Spotlight lgbt candidates to watch in 2018 elections gas smoker recipes


With the general election a few months away and many candidates facing primaries before that time, the Washington Blade has reached out to several LGBT candidates who aren’t as high profile as Sen. Tammy Baldwin (D-Wis.) or New York gubernatorial candidate Cynthia Nixon, but are still running noteworthy campaigns.

New Hampshire where I grew up, where I attended public schools, where I run a family business that just celebrated its 101st anniversary, and where I serve as an executive councilor. Through my time serving the people of my community, I always have and always will fight for what matters most.

I am running for Congress because I believe this election is about who we are as Americans. The America we know is more kind, tolerant, and more decent than the America that Donald Trump is seeking to create. We have to stand up loudly and clearly and make it known that we are going to fight for the values that make this country great. We are going to fight to stem the tide of corruption in our political system, fight for folks who work hard in life to make their American Dream a reality, and start putting the people of this country first.

I’m proud to be the highest elected LGBTQ+ official in the state of New Hampshire and would be honored to serve as the first openly gay member of Congress from the Granite State. I believe we need leaders that will stand up for our community to show that when we come together to promote equality and respect one another for who we are, we will make our country a better place now and for our future generations.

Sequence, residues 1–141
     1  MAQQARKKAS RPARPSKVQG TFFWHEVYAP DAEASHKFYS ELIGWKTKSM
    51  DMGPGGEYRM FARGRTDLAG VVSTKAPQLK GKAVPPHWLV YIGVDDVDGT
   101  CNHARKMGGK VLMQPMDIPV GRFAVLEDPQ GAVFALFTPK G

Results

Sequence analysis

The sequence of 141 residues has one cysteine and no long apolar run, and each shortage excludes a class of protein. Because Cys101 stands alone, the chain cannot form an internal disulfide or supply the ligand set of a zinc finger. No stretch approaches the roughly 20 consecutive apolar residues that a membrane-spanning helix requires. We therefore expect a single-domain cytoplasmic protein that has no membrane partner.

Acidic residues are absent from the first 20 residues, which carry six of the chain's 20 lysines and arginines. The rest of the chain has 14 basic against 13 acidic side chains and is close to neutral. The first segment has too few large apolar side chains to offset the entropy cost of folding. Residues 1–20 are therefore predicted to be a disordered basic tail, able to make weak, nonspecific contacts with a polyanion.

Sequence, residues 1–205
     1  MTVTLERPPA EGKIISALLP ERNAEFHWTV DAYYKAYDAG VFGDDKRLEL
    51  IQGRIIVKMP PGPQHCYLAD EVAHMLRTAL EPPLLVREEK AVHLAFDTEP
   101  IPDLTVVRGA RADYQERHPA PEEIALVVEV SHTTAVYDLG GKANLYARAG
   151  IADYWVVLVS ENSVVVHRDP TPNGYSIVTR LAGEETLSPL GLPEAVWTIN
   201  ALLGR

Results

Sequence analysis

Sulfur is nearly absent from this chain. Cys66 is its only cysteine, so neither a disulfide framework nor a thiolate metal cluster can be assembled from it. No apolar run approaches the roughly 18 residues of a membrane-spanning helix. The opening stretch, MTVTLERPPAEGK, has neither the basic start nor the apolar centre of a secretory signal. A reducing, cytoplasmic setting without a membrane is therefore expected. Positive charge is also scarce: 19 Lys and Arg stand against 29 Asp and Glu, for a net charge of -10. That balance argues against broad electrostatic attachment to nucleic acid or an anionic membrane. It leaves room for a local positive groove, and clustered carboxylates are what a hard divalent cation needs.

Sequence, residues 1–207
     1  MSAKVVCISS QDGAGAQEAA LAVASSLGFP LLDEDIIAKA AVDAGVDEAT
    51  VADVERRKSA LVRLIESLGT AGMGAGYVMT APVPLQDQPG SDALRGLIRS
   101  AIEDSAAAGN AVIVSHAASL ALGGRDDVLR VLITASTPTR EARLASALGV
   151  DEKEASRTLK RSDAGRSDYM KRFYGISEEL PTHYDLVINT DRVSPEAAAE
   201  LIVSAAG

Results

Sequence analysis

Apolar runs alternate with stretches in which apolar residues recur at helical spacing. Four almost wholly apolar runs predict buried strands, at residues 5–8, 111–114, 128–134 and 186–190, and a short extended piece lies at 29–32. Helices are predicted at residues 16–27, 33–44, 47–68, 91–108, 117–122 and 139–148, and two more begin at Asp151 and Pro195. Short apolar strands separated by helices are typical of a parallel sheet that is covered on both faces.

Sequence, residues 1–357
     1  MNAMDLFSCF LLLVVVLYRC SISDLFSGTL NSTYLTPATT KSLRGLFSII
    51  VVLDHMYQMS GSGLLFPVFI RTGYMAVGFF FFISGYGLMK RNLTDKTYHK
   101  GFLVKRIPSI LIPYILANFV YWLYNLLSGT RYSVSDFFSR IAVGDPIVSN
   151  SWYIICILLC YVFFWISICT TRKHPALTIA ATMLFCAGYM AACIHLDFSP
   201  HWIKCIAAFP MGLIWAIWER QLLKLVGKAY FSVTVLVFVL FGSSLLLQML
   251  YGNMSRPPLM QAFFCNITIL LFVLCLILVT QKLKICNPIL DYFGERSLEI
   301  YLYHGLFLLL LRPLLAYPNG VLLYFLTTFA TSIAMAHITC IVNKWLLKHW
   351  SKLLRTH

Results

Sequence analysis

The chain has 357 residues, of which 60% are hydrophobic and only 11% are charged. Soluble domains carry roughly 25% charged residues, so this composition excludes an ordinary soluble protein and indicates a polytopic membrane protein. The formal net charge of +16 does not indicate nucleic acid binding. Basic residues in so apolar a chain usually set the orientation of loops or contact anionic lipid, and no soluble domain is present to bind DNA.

In this way, I am not terribly different from most people in my District, who simply want for their families what we all deserve: quality, affordable healthcare; equality under the law; a first-rate public education; a clean environment; a strong economy; common sense gun safety measures that protect our children; and a national security policy that does not beg for war by tweet.

I was proud to serve as an official in the Obama administration, and during that time, I watched our country, and Florida, change in ways that I previously had thought unimaginable, from the repeal of Don’t Ask, Don’t Tell, to marriage equality. But the election of Donald Trump has brought a reversal of so much of our progress—a new ban on transgender troops, a decision to stop counting LGBT people in the census, and a fight at the Supreme Court to allow individuals to use religious liberty as a pretext to discriminate against the LGBT community. In this context, being elected as the first LGBT person to represent Florida in the U.S. Congress would signal that we will not be acquiescent in the rollback of our rights—or the rights of other Americans.

As a member of the LGBT community, I have felt the sting of discrimination, but I also know that the fight for liberty and equality is a shared cause and that my election would be a victory not just for our own community, but for every person in this country who has ever been mistreated, or left out, or left behind.

I am a person who pulls people together to do important things. My goal was to solve climate change. I was in charge of a major Vermont electric utility and we successfully moved away from fossil fuels. Watching the events that have transpired since November 2016, both at the state level and the national level has called me to greater action. I saw a need for rural economic development, universal health care, solving climate change, and ensuring every Vermont child receives a quality public education. Most importantly I saw a need to move away from divisive politics.